I was super psyched to get an early read of yet another book from the new Rick Riordan Presents Imprint Series. This story is a little different than most of the mythology-based storylines that I’ve come to expect from this publisher. It’s Snark, Science, and Spanglish- that’s how I sold it to my own 13 yo kid. I loved it so much that I talked him into reading my Kindle copy. I mean I was reading funny parts aloud at the table, in the car waiting for his brother, really everywhere cause once I started reading it, I didn’t want it to end while still powering through getting closer to the end. It’s that way with all great books though. My favorite quote: “Sometimes, when it’s too hard when it hurts too much, only silliness can save us.”So, true. In this novel, Sal and Gabi deal with some substantial, real-life issues and handle it like the most polite well-mannered thirteen years I’ve ever read about. Sal lost his Mom and has diabetes and Gabi’s little brother is very ill. Not to mention the fact that Sal accidentally broke the universe. This is one of those rare books that straddle the MG category. I think eight through thirteen-year-old kids will all get something out of this storyline. Even older since I’m buying it for a possible re-read and because we’re going to want to own the series. We also need to eat more Cuban food- just saying. Also, homeschoolers: you need to explain that this is a fictional school cause it sounds fantastic. Please note that I received a free advance E ARC of this book from NetGalley without a review requirement or any influence regarding review content should I choose to post a review. Apart from that, I have no connection at all to either the author or the publisher of this book. Sal and Gabi Break the Universe by Carlos HernandezMarch 5, 2019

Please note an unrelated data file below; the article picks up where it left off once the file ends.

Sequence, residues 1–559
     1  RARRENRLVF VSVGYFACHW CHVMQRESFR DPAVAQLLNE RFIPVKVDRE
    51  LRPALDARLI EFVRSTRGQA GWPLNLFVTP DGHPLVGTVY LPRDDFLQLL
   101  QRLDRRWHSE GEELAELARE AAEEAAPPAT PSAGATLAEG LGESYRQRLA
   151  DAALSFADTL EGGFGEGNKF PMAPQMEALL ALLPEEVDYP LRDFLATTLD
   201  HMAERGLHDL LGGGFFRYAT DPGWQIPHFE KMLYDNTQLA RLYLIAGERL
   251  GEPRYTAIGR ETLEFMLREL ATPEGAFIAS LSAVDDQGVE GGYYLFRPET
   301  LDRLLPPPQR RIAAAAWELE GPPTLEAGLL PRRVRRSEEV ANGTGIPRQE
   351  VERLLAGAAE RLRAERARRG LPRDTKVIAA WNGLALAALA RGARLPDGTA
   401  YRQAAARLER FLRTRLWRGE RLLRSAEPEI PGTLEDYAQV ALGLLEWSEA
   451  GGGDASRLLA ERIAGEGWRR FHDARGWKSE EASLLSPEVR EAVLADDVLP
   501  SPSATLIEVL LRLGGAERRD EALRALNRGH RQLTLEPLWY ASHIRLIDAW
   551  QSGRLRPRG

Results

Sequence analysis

Is this fiction? Or a peek at the future of California? The most riveting YA book I’ve read all year. Scary in the way that plausible situations are. Frightening in the way that magic and monsters are not because humans are the most terrifying and most unpredictable creatures on Earth.
The “Tap Out” begins quietly, one day there isn’t water. We get to see how this plays out through the different characters’ point of view. It’s the kind of slow horror building that Stephen King excels at creating. On day one the family hops into the car assuming they’ll buy bottled water at Costco- I was already thinking- “Well, that’s not gonna work out.” The thing about a crisis is that by the time you wrap your mind around the next step everyone else is there with you.
There are, of course, good people in this story, but as in real life, it is hard to tell anyone’s true intentions. Just when I thought the plot was somewhat predictable, it wasn’t.
“The worst part about doing something inexcusable is that you can never take it back. It’s like breaking a glass. It can’t unbreak. The best you can do it sweep it up, and hope you don’t step on the slivers you left behind.”
― Neal Shusterman, Dry
After you read this book and become sufficiently freaked out, head over to Ready.Gov and check your supplies against their list. That’s what I did, after I swigged a giant glass of water. (Also, this is not a beach read)
The story begins in France around 1350; the plague has swept through the area and Boy is on his own. He lives and works for a knight of the local manor. He does an excellent job of tending the goats in spite of his hunchback. He seems to understand the goats’ behavior better than most people and is generally content with his life.